Male schoolteachers: Role models or potential pedophiles?

A rash of sex crimes against children forces some men who teach to defend their career choice.


Sarah Elizabeth Richards
April 18, 2006 10:11PM (UTC)

This isn't the stuff "Kindergarten Cop" fantasies are made of. For many male schoolteachers who dreamed of showing a new generation how to be a gentler kind of man, the publicity in response to sex crimes against children has them defending their job motivation. The Tampa Tribune reports that in light of an arrest earlier this month of a Tampa, Fla., kindergarten teacher accused of child molestation, male teachers say they feel they're being unfairly questioned on why they chose a career that involves teaching young children.

"I kind of look at it as I have to counteract that publicity and that behavior every day," Samuel Williams, 38, a kindergarten teacher at Ippolito Elementary School, told the Tribune's Steven Isbitts. He left a career as an investment banker to take up teaching three years ago. "I have had many people ask me why I want to teach little kids, but they ask as if there's something inappropriate in my motivation. There's a real double standard."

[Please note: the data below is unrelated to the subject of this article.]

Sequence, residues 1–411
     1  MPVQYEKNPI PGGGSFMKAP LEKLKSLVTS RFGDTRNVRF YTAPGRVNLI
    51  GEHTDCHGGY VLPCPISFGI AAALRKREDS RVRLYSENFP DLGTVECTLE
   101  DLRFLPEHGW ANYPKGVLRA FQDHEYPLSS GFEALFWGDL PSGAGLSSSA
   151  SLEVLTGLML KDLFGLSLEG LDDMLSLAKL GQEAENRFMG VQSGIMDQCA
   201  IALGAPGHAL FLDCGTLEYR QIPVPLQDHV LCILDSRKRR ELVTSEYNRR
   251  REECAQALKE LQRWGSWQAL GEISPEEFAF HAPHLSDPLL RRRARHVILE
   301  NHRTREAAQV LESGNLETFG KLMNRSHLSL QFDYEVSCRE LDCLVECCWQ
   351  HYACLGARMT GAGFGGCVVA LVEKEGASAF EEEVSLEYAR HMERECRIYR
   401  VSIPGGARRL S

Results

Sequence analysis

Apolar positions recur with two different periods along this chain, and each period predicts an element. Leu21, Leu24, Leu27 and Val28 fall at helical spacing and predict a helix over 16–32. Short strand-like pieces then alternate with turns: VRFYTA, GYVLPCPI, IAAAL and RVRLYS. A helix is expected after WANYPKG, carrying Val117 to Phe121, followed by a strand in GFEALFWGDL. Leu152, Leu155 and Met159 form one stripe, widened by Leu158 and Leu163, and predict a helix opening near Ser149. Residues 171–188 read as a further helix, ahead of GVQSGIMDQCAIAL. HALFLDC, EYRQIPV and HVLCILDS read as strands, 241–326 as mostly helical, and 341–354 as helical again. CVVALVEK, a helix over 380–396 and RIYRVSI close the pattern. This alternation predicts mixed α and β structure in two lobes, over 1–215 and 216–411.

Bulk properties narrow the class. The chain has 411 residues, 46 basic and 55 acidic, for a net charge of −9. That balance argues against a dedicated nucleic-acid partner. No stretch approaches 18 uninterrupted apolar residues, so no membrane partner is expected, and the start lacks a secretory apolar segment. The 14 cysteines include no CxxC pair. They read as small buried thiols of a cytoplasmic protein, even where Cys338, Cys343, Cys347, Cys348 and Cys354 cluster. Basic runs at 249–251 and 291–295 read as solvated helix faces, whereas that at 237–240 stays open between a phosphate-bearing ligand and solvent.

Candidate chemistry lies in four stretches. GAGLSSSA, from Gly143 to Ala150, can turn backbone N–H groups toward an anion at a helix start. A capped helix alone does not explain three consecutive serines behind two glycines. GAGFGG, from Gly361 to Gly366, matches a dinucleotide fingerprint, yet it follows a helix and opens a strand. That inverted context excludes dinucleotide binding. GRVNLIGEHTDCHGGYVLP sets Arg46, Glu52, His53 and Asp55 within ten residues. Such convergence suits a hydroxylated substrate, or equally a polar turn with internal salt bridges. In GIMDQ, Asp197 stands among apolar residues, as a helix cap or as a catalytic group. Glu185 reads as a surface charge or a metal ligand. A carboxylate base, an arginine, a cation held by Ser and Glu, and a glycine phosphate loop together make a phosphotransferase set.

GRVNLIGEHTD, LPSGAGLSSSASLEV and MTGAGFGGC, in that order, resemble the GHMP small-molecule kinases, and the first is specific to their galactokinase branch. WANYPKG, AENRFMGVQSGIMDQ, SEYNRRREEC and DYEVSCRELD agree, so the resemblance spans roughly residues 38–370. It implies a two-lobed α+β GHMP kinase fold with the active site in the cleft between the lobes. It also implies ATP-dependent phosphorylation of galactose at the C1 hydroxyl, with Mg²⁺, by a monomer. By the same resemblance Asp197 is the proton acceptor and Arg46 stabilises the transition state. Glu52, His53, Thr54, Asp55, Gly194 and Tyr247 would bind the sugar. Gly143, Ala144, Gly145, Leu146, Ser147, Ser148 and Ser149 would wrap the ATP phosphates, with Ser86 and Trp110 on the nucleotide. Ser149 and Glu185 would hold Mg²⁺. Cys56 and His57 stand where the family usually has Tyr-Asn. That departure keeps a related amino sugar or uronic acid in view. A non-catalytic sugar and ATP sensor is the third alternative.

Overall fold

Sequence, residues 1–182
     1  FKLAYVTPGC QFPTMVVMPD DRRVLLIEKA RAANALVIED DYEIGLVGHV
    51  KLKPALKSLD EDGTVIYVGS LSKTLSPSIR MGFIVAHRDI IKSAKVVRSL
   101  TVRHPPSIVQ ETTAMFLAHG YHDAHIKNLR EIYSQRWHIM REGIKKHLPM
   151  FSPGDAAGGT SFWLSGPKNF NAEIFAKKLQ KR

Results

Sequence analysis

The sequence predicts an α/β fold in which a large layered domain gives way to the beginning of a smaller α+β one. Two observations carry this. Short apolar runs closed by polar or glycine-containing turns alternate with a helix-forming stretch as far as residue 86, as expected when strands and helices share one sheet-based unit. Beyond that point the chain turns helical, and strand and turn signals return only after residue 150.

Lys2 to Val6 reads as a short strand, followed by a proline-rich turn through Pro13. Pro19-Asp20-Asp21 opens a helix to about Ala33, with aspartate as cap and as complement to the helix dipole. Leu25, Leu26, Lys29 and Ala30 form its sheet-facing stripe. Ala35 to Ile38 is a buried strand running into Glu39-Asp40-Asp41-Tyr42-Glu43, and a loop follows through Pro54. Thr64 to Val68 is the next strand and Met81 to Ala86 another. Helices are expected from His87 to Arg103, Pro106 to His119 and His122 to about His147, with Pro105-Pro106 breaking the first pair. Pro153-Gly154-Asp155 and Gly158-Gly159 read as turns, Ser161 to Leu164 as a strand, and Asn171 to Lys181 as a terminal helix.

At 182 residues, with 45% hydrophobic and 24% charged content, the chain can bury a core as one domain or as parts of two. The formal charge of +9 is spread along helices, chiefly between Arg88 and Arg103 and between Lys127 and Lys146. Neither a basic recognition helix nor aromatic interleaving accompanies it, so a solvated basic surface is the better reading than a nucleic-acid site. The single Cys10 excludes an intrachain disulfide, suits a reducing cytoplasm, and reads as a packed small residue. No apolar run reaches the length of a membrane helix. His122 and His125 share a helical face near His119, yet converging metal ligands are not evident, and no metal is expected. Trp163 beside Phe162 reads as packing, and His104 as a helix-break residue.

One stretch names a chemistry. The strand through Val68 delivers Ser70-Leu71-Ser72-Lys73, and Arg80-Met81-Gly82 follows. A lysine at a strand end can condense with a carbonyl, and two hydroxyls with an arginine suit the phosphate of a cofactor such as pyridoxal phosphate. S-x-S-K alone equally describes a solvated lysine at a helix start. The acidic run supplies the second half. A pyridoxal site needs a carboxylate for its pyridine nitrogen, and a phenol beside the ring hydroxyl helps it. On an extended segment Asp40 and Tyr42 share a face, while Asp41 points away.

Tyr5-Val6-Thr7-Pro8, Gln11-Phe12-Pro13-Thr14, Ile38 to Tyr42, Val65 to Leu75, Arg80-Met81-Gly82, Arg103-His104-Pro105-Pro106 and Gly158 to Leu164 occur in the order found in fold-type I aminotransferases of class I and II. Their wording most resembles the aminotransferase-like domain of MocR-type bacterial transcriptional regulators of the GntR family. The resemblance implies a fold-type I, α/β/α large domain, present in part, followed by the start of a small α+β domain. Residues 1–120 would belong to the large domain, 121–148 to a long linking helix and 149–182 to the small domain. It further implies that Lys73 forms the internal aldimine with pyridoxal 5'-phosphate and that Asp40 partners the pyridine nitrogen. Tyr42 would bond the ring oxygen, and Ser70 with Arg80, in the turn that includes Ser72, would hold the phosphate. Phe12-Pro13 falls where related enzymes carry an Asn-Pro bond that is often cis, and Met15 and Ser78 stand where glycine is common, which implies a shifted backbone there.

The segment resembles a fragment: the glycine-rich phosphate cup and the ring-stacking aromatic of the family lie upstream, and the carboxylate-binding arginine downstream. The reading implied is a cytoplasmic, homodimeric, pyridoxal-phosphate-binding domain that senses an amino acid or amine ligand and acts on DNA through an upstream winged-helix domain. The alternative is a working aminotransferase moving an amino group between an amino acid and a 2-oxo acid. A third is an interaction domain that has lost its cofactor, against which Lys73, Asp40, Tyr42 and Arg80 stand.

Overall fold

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It's a sentiment that's discouraging some male teachers from teaching children in the younger grades. Nationally, only 9 percent of kindergarten teachers are male. That's a 40-year-low, according to the National Education Association.

"It's very sad. Male students have come to me after they've been challenged by their own families and friends," Pam Fleege, associate professor of early childhood education at the University of South Florida, told the Tribune. "Some are accused of being pedophiles. But they mostly get a lot of, 'What are you going to say when a parent confronts you?'"

Some parents don't get the chance because they request female teachers. But educators say they still get plenty of requests for male instructors, especially from parents who want male role models.

Why do some parents think it's perfectly acceptable for men to coach their kids in sports but get squeamish if they teach them reading? And before we worry that male teachers are more likely to molest young children, let's not forget some recent recent high-profile cases of female teachers sexually involved with adolescent boys.

Schoolteachers have it hard enough these days. They sacrifice high wages and societal respect. And it takes a special kind of man to carve out a place in a traditionally female bastion. For many, it's a calling, and they deserve our gratitude.


Sarah Elizabeth Richards

Sarah Elizabeth Richards is a journalist based in New York. She can be reached at sarah@saraherichards.com.

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